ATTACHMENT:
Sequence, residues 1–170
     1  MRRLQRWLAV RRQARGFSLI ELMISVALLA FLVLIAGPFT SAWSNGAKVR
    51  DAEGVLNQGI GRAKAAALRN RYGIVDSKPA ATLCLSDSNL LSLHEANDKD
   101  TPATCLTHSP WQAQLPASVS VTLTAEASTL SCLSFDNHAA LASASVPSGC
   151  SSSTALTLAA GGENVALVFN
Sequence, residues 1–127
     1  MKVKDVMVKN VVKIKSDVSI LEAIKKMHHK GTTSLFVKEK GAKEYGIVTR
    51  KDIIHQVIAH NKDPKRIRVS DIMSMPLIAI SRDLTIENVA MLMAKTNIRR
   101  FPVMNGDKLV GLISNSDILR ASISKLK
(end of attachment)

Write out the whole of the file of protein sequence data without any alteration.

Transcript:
Sequence, residues 1–170
     1  MRRLQRWLAV RRQARGFSLI ELMISVALLA FLVLIAGPFT SAWSNGAKVR
    51  DAEGVLNQGI GRAKAAALRN RYGIVDSKPA ATLCLSDSNL LSLHEANDKD
   101  TPATCLTHSP WQAQLPASVS VTLTAEASTL SCLSFDNHAA LASASVPSGC
   151  SSSTALTLAA GGENVALVFN
Sequence, residues 1–127
     1  MKVKDVMVKN VVKIKSDVSI LEAIKKMHHK GTTSLFVKEK GAKEYGIVTR
    51  KDIIHQVIAH NKDPKRIRVS DIMSMPLIAI SRDLTIENVA MLMAKTNIRR
   101  FPVMNGDKLV GLISNSDILR ASISKLK